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In-depth reviews

Honda HR-V hybrid performance, engine & drive

The HR-V excels when running on electric power alone, but falters you ask for more from the hybrid powertrain

Overall rating

4.0 out of 5

Performance, engine & drive rating

2.5 out of 5

0-62mphTop speedDriven wheelsPower
10.6s106mphFront129bhp

The HR-V is the latest hybrid-only model from Honda. Under the bonnet is a 1.5-litre four-cylinder petrol engine connected to a pair of electric motors. The first actively drives the wheels, while the second, a generator motor, converts engine power into electricity before feeding it to the first motor. Total output is a modest 129bhp and 253Nm of torque.

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There’s a choice of three driving modes: Econ for greater fuel efficiency, Sport for a more responsive drive and Normal for a combination of the two. Selecting ‘B’ for the transmission offers selectable levels of energy recovery when coasting or braking, with the option to adjust the level of energy recovery and strength of deceleration using the paddles behind the steering wheel.

Honda HR-V hybrid 0-62mph, top speed and acceleration

As you might expect, performance from a compact SUV with that amount of power isn’t blistering: 0-62mph takes well over 10 seconds, while the HR-V’s top speed is 106mph. Like the other hybrids in its class, the HR-V actively switches between petrol and electric power, or a combination of the two depending on the driving situation.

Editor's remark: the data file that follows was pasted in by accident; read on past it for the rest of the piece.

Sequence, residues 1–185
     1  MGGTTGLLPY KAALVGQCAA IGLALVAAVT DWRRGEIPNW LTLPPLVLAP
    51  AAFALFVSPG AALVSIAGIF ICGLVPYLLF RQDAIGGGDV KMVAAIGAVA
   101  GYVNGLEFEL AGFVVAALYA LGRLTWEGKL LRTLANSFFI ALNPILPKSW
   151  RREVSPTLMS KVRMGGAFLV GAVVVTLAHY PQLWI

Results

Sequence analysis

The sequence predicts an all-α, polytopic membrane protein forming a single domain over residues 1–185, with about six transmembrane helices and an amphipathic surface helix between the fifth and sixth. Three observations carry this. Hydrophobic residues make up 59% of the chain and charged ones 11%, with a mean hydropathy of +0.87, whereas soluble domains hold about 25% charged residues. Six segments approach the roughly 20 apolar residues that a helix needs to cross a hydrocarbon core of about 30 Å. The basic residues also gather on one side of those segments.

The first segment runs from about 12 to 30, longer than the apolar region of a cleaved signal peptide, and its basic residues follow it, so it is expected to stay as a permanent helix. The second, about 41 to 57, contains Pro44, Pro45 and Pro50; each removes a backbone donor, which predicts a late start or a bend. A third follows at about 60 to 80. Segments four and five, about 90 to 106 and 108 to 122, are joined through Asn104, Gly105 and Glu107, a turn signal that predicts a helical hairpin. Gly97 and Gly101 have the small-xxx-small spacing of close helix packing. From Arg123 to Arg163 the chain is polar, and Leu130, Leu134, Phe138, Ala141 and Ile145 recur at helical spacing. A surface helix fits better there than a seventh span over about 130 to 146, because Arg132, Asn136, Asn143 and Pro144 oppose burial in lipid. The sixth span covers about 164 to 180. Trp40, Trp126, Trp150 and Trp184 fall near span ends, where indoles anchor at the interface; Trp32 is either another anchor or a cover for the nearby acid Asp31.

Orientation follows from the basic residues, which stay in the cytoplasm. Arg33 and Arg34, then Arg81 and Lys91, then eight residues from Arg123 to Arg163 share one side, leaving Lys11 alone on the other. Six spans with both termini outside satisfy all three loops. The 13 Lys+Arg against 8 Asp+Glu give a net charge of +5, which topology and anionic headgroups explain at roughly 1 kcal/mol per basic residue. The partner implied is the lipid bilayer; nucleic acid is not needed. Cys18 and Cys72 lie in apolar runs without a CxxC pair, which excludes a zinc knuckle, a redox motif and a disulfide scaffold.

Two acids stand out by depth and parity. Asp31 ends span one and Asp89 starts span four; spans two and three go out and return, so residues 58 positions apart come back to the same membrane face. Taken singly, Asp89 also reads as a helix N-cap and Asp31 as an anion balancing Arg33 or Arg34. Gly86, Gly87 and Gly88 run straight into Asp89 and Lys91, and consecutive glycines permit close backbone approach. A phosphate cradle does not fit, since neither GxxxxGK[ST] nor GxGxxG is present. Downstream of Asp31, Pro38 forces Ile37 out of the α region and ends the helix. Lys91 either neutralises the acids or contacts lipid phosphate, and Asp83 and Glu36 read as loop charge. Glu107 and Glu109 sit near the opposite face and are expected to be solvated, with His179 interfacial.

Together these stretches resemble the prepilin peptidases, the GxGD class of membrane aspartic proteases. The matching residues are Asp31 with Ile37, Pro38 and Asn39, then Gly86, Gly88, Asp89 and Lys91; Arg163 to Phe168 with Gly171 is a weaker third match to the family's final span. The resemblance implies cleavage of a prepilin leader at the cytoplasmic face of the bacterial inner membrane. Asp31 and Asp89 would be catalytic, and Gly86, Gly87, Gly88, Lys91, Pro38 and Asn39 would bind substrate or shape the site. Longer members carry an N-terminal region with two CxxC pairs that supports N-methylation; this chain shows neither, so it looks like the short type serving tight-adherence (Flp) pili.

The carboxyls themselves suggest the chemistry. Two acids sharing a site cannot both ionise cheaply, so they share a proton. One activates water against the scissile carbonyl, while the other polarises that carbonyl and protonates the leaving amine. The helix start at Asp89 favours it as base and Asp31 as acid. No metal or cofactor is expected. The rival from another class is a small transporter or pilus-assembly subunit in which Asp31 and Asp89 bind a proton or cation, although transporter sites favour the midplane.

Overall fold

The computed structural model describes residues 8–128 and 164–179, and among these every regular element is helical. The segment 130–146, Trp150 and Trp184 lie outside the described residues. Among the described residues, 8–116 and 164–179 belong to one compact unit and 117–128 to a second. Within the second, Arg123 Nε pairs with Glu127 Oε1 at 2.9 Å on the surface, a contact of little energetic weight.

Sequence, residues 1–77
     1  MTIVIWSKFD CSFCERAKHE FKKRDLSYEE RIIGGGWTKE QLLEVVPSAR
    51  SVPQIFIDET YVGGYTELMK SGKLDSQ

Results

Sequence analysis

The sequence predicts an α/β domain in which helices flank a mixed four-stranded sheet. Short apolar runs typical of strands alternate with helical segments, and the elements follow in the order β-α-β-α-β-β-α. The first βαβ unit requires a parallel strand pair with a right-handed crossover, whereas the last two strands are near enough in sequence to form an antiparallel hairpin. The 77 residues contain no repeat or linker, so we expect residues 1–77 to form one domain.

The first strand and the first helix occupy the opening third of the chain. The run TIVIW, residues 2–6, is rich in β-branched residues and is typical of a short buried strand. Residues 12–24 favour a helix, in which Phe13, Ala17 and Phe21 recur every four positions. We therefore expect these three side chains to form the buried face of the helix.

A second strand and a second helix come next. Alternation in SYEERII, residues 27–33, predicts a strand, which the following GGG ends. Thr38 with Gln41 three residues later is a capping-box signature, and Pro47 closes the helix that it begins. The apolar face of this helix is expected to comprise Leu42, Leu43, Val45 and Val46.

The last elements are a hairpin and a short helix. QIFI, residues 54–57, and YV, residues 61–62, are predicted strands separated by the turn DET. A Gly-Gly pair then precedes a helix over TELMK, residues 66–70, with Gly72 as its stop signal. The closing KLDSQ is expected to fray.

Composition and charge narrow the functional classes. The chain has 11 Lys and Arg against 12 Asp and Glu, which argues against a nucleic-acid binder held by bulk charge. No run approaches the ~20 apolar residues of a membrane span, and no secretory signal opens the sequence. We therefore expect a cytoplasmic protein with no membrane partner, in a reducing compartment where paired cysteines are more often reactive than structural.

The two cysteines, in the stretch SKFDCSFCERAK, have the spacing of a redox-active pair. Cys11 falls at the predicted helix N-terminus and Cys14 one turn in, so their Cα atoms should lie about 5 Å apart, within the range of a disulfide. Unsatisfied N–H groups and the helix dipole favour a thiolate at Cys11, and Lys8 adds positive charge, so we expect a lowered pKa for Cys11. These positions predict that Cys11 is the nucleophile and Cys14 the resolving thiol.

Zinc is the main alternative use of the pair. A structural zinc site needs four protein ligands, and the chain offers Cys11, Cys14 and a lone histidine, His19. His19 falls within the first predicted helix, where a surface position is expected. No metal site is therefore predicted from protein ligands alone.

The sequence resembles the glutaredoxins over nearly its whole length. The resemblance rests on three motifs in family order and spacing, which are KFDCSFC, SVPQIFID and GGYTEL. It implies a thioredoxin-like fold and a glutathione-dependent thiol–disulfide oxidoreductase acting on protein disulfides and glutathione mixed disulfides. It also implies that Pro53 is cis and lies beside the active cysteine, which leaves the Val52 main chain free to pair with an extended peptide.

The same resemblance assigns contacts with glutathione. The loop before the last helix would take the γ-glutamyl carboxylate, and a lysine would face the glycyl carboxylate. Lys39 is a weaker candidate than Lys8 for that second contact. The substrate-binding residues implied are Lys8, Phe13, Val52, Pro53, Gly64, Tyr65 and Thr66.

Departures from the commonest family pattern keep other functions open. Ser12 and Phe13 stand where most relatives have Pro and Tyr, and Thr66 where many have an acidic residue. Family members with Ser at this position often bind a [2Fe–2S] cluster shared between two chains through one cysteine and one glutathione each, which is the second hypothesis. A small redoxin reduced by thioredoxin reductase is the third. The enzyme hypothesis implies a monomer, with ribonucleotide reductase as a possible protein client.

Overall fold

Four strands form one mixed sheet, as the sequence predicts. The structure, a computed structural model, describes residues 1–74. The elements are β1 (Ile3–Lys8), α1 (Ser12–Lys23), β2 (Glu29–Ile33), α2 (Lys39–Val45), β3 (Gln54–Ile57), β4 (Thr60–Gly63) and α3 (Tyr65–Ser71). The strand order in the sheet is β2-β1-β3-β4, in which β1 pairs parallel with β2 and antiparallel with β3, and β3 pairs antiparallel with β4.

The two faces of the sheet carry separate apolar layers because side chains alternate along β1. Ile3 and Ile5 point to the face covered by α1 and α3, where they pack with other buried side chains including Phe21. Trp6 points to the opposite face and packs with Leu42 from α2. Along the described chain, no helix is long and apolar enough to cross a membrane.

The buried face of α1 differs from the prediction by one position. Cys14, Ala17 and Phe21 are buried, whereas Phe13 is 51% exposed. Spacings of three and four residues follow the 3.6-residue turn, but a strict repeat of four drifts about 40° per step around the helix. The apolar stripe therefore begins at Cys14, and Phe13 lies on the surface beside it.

At lower speeds, the HR-V silently glides along on electricity, making it feel quite refined. A little more road noise than we’d like does intrude, but otherwise there are no vibrations or noise coming from the petrol engine, and driving around town is relaxing.

Refinement does take a hit at higher speeds when the combustion engine kicks in; the transition from electric to hybrid power is relatively smooth, but try to accelerate up to motorway speeds, for example, and you'll find the throttle response is delayed. Putting your foot down sends the revs from the petrol engine soaring as the car’s drive systems try and figure to effectively put its power to the road.

Handling

While the Ford Puma is undoubtedly more fun to drive, the HR-V feels composed and secure when cornering, and the ride quality is good. The steering is also well weighted and precise, however, some of the Honda's rivals do offer a little extra assistance to make them easier to manoeuvre around town.

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Welcome one and all, I’m Ellis the news reporter on Auto Express, the brand’s former online reviews editor and contributor to DrivingElectric. I’m proud to say I cut my teeth reporting and reviewing all things EV as the content editor on DrivingElectric. I joined the team while completing my master’s degree in automotive journalism at Coventry University and since then I’ve driven just about every electric car and hybrid I could get my hands on.

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